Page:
When a material is sampled and tested, the results will be documented on a construction form or a test report. There is quality control sampling and testing done by the Contractor or producer and verification sampling testing done by the Project Engineer, the District Materials Engineer, the Central Materials Laboratory, or an independent laboratory.


In many cases, in addition to sampling and testing, some other type of acceptance method will also be required. Sampling and testing may be done at the project, supplier, or source depending on which is the most appropriate.



For many materials, a fabricator, manufacturer, or supplier is required to provide the Project Engineer with a certification document stating that the material meets the requirements of the plans and specifications. In most cases, the fabricator, manufacturer, or supplier must also be on an approved list in the Materials Approved Products Listing Enterprise (MAPLE).  For some of these materials, sampling and testing is also required before final acceptance. The certification comes in a variety of forms:


·        Stamped or preprinted on truck tickets as with aggregates,


·        Stamped or preprinted on invoices as with Portland Cement and asphalt binder,


·        Stamped or printed on the Mill Analysis as with reinforcing steel, structural steel, and other metals,


·        Furnished as a separate document with each shipment as with zinc-silicate paint, engineering fabrics, epoxy coatings, and dowel baskets,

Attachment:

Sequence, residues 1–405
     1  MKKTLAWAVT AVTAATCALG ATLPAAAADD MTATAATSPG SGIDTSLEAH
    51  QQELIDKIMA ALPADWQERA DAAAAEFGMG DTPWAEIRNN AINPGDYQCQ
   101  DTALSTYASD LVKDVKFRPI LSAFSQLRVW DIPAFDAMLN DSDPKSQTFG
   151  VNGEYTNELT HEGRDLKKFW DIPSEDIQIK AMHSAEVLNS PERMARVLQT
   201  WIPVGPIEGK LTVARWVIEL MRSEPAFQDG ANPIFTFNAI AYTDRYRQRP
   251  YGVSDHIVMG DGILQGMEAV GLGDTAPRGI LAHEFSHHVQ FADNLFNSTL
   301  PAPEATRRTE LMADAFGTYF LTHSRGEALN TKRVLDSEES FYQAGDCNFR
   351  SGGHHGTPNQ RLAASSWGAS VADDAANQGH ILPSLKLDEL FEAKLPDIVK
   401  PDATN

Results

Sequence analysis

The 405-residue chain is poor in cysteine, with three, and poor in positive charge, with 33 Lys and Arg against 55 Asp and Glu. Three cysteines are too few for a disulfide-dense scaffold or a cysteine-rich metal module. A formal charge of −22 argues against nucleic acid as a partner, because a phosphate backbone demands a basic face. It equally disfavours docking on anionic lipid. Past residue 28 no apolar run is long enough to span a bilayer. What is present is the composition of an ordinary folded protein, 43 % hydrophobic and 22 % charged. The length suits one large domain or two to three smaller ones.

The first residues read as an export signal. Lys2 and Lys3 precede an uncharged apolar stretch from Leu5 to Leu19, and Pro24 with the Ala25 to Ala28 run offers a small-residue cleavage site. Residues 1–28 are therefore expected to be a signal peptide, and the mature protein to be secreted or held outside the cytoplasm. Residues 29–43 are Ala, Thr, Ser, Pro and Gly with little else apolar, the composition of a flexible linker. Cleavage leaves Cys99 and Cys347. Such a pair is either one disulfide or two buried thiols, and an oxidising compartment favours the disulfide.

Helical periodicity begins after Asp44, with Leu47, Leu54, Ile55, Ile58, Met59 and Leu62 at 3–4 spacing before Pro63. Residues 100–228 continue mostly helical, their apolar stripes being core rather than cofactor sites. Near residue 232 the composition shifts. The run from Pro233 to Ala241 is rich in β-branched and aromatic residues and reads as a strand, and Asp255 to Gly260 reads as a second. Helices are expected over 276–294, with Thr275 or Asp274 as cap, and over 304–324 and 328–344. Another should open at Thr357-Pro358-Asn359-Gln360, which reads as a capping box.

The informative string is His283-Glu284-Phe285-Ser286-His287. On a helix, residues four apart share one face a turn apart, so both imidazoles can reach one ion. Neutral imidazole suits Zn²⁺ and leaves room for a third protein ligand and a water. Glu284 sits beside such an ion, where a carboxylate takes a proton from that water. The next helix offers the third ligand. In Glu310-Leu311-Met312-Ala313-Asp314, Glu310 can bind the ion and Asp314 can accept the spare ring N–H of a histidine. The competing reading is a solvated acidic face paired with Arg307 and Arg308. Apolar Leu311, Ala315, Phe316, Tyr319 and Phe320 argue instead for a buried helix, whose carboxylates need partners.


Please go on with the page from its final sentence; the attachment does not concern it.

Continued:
·        Stamped or printed on a list of materials for each shipment as with CMP, concrete pipe, and corrugated plastic subdrain,


The inspector will verify that the certification has been entered into DocExpress.



 (May also be referred to as “Approved Producer, Approved Supplier, Approved Fabricator, or Approved Brand”) The source, producer, and the material must be evaluated and approved by the Office of Construction and Materials according to the appropriate Materials IM in order to be used on a project. Once a letter of approval is issued, the source or producer is approved for use on projects (with the exception of steel fabricators and precast concrete plants). Approved products, sources, and producers are listed in the Materials Approved Products Listing Enterprise (MAPLE). Approval for a source or producer may be rescinded at any time if it no longer meets the requirements of the IM. The plans, developmental specifications, and special provisions may also contain lists of approved sources.


The project inspector will document information about this material such as product name, source, date, producer, and lot number in the project files.


Most approved sources also require a certification.



For some items made up of miscellaneous materials, inspection and approval will be done by the District Materials Engineer at the supplier’s warehouse.



This information must be submitted to, and reviewed by the Iowa DOT Design Office or Bridges and Structures Office, before the material can be incorporated in the project.